A visual artist who spent the last eight years in New York City has detoured to San Diego and into entrepreneurship.
The new pursuit seems to fit Itamar Jobani — maybe just as well as the custom-made, 3-D printed earbuds that he plans to turn out with his new enterprise, OwnPhones.
Jobani, his four employees and roughly a score of consultants are still working out many of the technical challenges, but they have seized on some innovative ideas — including a business process they are rushing to patent.
The company has created operating prototypes and is working to deliver its first production earbuds in March, with financial help from crowdfunding website Kickstarter. As an idea, it’s a hit: The company surpassed its fundraising goal of $250,000 in early August, at the campaign’s halfway mark, and passed $300,000 Aug. 6. The campaign ends Aug. 25.
The earbuds get signals from their media player via Bluetooth short-range radio technology. Each earbud would contain a tiny speaker, a board of electronics — again, very small — and a battery.
A Selling Point
Several things make the project innovative. One is its aim to create a custom product for the masses, starting at a mass-market price of $300. Custom-fitted earbuds are already available, Jobani said, but their average cost is about $800, and they can easily exceed $1,000.
A second innovation is that the earbuds are separate. No wire connects them.
Jobani also says he wants to innovate by taking a technological accessory and turning it into a fashion accessory.
A third innovation is the process for customizing each set of earbuds, for which the company is pursuing a patent. Buyers would use the OwnPhones app to make a video of his or her ears, holding a standard-size credit card next to their earlobes for scale. With the video, the ears’ shape and dimensions are calculated. Then, the buyer chooses a color and style, and the earbuds are made with a 3-D printer. Pillsbury Winthrop Shaw Pittman LLP is helping the company with its patent filing.
The process of converting pictures to a form is called photogrammetry, and OwnPhones’ software for that is still a work in progress. OwnPhones reports that it has automated 80 percent of the process and wants to take it further.
The project was inspired by one of Jobani’s pet peeves: He likes to jog, and he kept knocking loose his store-bought earbuds while doing so.
Its vision was also informed by the 34-year-old, Israeli-born artist’s background, having earned his graduate degree from Brooklyn’s Pratt Institute. Jobani has used digital tools for his art. He’s familiar with 3-D printing and has worked with computer numerical-controlled routers. Jobani’s artwork in New York included 3-D printed dresses that conformed to the shape of the models wearing them.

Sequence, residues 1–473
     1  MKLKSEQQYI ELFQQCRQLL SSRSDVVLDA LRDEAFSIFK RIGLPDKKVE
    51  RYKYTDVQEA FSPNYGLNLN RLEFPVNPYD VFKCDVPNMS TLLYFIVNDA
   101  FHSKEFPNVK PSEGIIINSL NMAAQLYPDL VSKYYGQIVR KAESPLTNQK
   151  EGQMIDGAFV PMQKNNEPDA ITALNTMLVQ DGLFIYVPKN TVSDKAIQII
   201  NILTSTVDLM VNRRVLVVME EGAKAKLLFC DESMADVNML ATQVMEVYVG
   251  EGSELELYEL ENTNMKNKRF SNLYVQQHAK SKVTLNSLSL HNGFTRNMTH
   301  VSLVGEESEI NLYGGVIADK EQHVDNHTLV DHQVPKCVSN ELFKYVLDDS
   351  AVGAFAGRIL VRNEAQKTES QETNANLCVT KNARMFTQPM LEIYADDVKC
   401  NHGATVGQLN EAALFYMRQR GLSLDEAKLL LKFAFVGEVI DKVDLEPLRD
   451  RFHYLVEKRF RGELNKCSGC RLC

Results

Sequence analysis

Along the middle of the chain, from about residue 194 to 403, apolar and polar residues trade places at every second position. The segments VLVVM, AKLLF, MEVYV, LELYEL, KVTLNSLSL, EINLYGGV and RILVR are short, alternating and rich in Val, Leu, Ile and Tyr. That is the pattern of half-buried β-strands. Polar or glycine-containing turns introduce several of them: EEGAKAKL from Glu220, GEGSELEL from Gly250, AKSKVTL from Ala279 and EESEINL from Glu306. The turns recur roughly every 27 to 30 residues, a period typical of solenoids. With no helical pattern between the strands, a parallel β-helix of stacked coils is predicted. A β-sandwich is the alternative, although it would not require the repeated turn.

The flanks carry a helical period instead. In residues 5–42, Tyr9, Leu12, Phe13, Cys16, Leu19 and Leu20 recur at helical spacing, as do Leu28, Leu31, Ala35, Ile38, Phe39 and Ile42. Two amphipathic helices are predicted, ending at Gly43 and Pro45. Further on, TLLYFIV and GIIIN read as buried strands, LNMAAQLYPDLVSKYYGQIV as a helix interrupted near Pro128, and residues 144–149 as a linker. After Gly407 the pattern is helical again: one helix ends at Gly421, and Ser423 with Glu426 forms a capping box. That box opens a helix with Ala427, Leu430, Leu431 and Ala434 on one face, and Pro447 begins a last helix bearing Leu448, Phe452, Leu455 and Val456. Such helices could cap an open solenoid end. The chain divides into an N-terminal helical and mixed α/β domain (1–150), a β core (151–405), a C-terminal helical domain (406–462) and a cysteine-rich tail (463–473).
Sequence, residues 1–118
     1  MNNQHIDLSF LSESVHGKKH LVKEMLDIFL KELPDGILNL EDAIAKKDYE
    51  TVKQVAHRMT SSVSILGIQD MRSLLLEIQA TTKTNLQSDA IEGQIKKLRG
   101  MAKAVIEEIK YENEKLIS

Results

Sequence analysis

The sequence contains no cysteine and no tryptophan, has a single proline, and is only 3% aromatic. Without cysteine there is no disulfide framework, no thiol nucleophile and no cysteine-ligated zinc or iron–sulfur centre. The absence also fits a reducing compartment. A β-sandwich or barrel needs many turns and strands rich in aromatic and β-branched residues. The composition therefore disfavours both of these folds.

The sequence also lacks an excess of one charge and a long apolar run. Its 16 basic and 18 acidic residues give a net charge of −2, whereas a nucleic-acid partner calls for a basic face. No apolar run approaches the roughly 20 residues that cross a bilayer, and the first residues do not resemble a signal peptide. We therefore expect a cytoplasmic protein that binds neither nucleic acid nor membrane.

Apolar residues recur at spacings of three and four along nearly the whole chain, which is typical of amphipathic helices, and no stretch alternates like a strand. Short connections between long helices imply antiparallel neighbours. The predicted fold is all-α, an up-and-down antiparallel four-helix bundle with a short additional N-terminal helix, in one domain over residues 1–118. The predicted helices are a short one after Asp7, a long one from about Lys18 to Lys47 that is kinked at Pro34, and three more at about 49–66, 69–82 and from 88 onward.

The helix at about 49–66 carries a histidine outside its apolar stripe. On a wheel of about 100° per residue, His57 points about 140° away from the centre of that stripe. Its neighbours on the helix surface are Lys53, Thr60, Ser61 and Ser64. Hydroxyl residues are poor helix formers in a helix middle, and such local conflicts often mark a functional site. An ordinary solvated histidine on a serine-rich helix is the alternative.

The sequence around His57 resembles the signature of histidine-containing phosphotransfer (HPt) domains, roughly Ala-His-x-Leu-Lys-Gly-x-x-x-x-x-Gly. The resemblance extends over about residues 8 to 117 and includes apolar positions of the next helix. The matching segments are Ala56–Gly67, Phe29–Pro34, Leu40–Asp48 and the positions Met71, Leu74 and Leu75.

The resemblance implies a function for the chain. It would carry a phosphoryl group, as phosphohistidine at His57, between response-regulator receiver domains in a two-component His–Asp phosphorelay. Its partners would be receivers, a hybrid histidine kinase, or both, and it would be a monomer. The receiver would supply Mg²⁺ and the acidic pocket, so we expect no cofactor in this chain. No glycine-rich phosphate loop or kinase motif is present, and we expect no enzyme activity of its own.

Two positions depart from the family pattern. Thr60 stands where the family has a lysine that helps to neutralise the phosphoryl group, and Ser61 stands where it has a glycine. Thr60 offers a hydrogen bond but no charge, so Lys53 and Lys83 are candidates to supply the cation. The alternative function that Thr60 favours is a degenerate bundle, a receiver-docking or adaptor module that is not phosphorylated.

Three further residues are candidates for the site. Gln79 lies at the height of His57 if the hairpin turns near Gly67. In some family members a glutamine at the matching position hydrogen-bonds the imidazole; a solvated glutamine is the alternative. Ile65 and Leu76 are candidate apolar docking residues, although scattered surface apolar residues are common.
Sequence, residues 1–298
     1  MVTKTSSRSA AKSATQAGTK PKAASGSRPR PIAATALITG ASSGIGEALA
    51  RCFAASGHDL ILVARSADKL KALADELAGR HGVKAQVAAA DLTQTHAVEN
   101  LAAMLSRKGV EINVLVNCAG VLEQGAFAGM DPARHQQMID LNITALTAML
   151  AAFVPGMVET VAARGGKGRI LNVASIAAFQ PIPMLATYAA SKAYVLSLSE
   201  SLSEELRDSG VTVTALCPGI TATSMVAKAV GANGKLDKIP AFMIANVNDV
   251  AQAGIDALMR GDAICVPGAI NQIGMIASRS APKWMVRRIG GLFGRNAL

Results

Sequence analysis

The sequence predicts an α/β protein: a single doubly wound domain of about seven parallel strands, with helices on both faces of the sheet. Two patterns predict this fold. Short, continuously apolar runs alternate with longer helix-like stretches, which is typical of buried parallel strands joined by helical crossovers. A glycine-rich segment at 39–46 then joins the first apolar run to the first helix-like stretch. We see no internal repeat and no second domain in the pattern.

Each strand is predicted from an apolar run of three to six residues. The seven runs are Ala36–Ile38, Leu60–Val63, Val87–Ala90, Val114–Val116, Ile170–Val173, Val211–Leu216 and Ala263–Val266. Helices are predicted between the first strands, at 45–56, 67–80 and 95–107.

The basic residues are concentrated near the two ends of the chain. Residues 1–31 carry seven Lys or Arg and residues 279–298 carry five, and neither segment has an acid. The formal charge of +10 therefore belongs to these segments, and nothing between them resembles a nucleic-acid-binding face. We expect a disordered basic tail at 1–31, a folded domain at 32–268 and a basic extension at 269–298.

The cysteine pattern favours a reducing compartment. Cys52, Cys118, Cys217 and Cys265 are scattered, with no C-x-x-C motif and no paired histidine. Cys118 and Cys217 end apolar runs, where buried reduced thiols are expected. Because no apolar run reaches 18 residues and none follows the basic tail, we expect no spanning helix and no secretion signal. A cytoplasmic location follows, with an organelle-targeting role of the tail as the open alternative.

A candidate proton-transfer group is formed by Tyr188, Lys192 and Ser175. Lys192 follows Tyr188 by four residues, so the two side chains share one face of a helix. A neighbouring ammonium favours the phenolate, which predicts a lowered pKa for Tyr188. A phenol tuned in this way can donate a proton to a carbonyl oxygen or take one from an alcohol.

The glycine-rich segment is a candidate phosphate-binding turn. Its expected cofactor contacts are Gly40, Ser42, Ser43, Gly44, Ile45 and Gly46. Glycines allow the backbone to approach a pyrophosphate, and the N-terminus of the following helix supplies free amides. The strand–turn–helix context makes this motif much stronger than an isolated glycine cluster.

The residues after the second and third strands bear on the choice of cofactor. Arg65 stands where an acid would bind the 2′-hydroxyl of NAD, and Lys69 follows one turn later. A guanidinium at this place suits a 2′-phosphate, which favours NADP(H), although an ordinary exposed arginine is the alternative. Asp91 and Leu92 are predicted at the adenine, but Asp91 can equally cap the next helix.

OwnPhones plans to offer earbuds in many designs — an area where Jobani can put his art school training to use. There is more than one skull design, as well as a whimsical design where a little human face appears to be peering out of the ear canal as if through theater curtains. Abstract designs are also in evidence. The flowing “Nautical Deco” design looks as if a group of miniature octopuses are waving their tentacles from the ear canal.
The earbuds are made with various materials. A few high-end models cross the line into jewelry, with gold or silver on the surfaces that face the outside world.
Other technological features Jobani would like to incorporate include a “soundscaping” feature that proposes to filter extraneous noise from the hearer, yet permit certain tones — perhaps an alarm clock or commuter train announcements — to get through.
The company also proposes a technological fix for a situation that arises in the kinds of offices that millennials prefer: the open-plan offices devoid of cubicles and heavy on shared workspace. The fix is a light-emitting diode on the earbud. A red light indicates someone is deep into a project and shouldn’t be bothered; a green light indicates that person is open to being approached for a conversation. Yellow is in between.
CEO: Itamar Jobani
Revenue: Company in pre-revenue stage
No. of local employees: Five full-time employees, about 20 consultants
Investors: Self-funded, with a Kickstarter campaign in progress
Headquarters: Little Italy
Year founded: 2013
What makes the company innovative: Produces the world’s first 3-D printed, personalized, wireless smart earbuds